U.S. Deports Alleged Former Guatemalan Soldier Wanted For 1982 Massacre
July 13, 2011 By Staff
Today in Latin America
Top Story — The U.S. government deported Tuesday a Guatemalan man who allegedly participated in a 1982 massacre that left 162 people dead in the Central American nation’s decades-long civil war. Pimentel Rios, who was working as a maintenance worker in California at the time of his detainment, was flown by U.S. Immigration and Customs Enforcement (ICE) to Guatemala where he was turned over to authorities to face charges in the December 1982 killings of men, women and children in the village of Las Dos Erres. The former soldier was allegedly a member of an elite army unit known as the Kaibiles, who hunted down supposed leftist guerrillas. Detained in 2010, a judge ruled this May that he could be extradited for his suspected involvement in the extra-judicial killings. Rios is one of four former Guatemalan military officers linked to the killings who have been arrested. “For the families who lost loved ones at Dos Erres, justice has been a long time coming, but they can take consolation in the fact that those responsible for this tragedy are now being held accountable for their crimes,” said ICE director John Morton.
Headlines from the Western Hemisphere
- A Mexican court sentenced four men convicted of the murders of 15 young people attending a birthday party last year in Ciudad Juárez to serve 240 years in prison each.
- Mexican authorities captured an alleged U.S.-born member of the Tijuana drug cartel, who is wanted in the U.S. on federal conspiracy and racketeering charges.
- A teacher from Texas, who was arrested when 88 pounds of marijuana were discovered in her car as she attempted to cross between Mexico and the U.S., was released from custody.
- The death of a 4-year-old girl at the hands of her own father has shaken Puerto Rico, where the phenomena of mental illness and domestic violence appear to be increasingly linked.
- The mother of Cuban dissident Orlando Zapata Tamayo, who died after an 85-day hunger strike, gave emotional accounts Tuesday of her son’s death in captivity to dismayed lawmakers.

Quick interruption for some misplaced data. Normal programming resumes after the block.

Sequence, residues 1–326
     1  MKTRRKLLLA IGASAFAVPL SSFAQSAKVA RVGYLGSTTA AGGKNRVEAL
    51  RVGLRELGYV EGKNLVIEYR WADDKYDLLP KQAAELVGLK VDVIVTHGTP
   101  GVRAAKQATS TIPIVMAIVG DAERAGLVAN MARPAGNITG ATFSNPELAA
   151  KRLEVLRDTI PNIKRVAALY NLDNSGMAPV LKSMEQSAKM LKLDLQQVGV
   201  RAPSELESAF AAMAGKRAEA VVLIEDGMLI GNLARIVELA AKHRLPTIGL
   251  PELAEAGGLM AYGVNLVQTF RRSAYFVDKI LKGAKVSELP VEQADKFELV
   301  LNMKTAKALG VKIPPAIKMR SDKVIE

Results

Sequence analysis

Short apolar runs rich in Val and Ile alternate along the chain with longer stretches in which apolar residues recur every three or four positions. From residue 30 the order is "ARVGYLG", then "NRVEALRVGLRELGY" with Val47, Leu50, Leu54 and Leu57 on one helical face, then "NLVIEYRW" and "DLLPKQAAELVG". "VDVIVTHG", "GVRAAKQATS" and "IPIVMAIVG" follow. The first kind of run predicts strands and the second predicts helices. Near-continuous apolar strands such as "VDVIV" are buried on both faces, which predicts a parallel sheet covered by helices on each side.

- A minister in the British government claimed that Costa Rican police are responsible for preventing police cooperation in the search for a missing journalist.
- Venezuela’s Finance Commission Tuesday approved broad terms for the issuance of $10.5 billion in debt that will be sold in dollars and local currency during the second half of this year.
- The Ecuadoran government is planning to auction in October seven oil blocks for private companies interested in bidding for oil-service contracts, Minister of Nonrenewable Natural Resources Wilson Pastor said Tuesday.
- The worst snow storms in Bolivia in the last 20 years have left thousands of people stranded, as more snow is forecast for the coming days.
- The Polish couple that went missing more than a month ago in the Peruvian jungle was murdered during a robbery while boating down a river in Peru’s Ucayali region.
- Federal prosecutors in Brazil Tuesday charged three people in connection with a plane crash that killed 199 people in 2007.
- Workers at Chile’s state-owned Codelco mining company returned to work Tuesday, one day after going on strike over fears of privatization.
- Argentina is blocking Paraguay’s power sales to Uruguay by arguing for more lucrative terms from the country’s landlocked neighbor.
- Argentine soccer legend Diego Maradona was not hurt after a car he was a passenger in crashed into a bus on the outskirts of Buenos Aires.
Image: PNC de Guatemala @ Flickr.